While you can model call report data, you must be careful. Data on small portfolios tends to be inherently sparse. A $1 billion bank with a commercial portfolio may go quarters or even years with zero defaults, and then, usually during a recession, experience a cluster of local business failures that cause losses to spike dramatically.

Let’s take a look at the CRE portfolio of an actual bank based in Virginia. This bank has a sizeable $1.2 billion portfolio, but its credit loss history is very sporadic (see Figure 1). At first glance, you’ll see that loss spikes at this bank were larger and more frequent in 2009 and 2010 than they were in 2017 and 2018. It would be extremely difficult to model and forecast this choppy data with any degree of accuracy.

Figure 1: CRE Portfolio Example

Sources: FDIC, Moody’s Analytics

The Peer Data Panacea

The solution to this problem is to find more data! There are around 5,000 banks in the US (most of them small) and approximately as many credit unions. Among these institutions, it is possible to define peer groups whose aggregate risk appetite approximates that of the target bank. The data for this cluster of banks will be far smoother, thanks to the law of large numbers, and thus conducive to the construction of more accurate and stable baseline and stress projections.

For our sample bank, we can form a peer group of all banks with under $50 billion in assets located (like our bank) in the South census region. This data is far more manageable, and we can proceed to relate the series to economic drivers and build forecasts and stressed economic scenarios (see Figure 2).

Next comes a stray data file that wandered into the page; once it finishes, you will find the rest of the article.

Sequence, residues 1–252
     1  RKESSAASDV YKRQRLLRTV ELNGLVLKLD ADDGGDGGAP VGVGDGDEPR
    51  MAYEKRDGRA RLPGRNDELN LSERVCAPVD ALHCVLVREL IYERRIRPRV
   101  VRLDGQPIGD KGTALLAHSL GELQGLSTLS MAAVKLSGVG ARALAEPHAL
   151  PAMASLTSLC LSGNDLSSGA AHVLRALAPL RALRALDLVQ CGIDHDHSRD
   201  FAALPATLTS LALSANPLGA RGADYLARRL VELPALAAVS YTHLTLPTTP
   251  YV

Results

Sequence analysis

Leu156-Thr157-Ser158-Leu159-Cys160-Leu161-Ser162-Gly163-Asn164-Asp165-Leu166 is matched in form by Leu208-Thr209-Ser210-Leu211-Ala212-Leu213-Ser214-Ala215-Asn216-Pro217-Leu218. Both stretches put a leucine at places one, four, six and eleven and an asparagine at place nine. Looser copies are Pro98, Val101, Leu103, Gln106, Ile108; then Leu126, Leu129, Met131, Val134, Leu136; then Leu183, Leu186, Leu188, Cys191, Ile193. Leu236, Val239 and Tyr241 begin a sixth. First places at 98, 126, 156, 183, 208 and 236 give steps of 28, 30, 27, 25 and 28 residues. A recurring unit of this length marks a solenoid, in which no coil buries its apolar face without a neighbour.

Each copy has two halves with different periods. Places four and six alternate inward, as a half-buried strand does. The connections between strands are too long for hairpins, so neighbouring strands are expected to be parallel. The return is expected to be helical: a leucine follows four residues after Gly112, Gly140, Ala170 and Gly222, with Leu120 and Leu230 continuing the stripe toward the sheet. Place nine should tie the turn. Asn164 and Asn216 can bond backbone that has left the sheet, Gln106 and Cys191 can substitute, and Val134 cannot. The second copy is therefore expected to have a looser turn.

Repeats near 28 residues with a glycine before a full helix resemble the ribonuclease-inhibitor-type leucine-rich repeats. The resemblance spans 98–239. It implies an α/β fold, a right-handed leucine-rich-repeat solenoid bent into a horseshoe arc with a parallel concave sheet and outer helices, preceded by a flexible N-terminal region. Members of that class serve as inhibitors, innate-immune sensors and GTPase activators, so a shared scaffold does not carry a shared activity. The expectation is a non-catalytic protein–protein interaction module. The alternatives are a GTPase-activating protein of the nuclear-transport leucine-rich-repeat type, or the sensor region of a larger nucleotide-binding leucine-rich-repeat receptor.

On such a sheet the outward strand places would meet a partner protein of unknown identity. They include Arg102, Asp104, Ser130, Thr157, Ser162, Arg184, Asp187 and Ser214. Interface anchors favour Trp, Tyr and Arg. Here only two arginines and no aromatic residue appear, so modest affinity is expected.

Figure 2: Peer Data for Banks in the South Census Region

Sources: FDIC, Moody’s Analytics

We can then make assumptions regarding the reasonable and supportable forecast period, and derive relevant CECL reserves numbers for the bank’s portfolio. Using an eight-quarter period, we find that our sample bank should reserve $898,000 for Q1 2019 under a baseline projection and $3.81 million under the severe S4 (protracted slump) recession scenario.

The puny baseline figure reflects the fact that CRE losses are typically very low – the odd basis point or two – in an expanding economy. This result thus highlights the importance of using stress scenarios in developing CECL numbers. Fears of a 2020 recession abound, and loss provisions will be far too low if the WARM method is applied to this portfolio (losses in recent years have been effectively zero) or if baseline projections are used in isolation.

If we were to conduct a full risk management analysis for our sample bank, we would of course define the peer group more carefully, or triangulate using a range of potential peer groups.

The moral of the story is that good-quality CECL projections can be developed using high-quality data that is available free of charge. Even the smallest bank with the sparsest default history can identify a set of peers reflective of its own portfolio. In disclosure, these banks could report multiple peer group comparisons and satisfy investors that they are sufficiently reserved.

It is not true that small banks have no options. Loss modeling may be challenging, but it does not need to be expensive.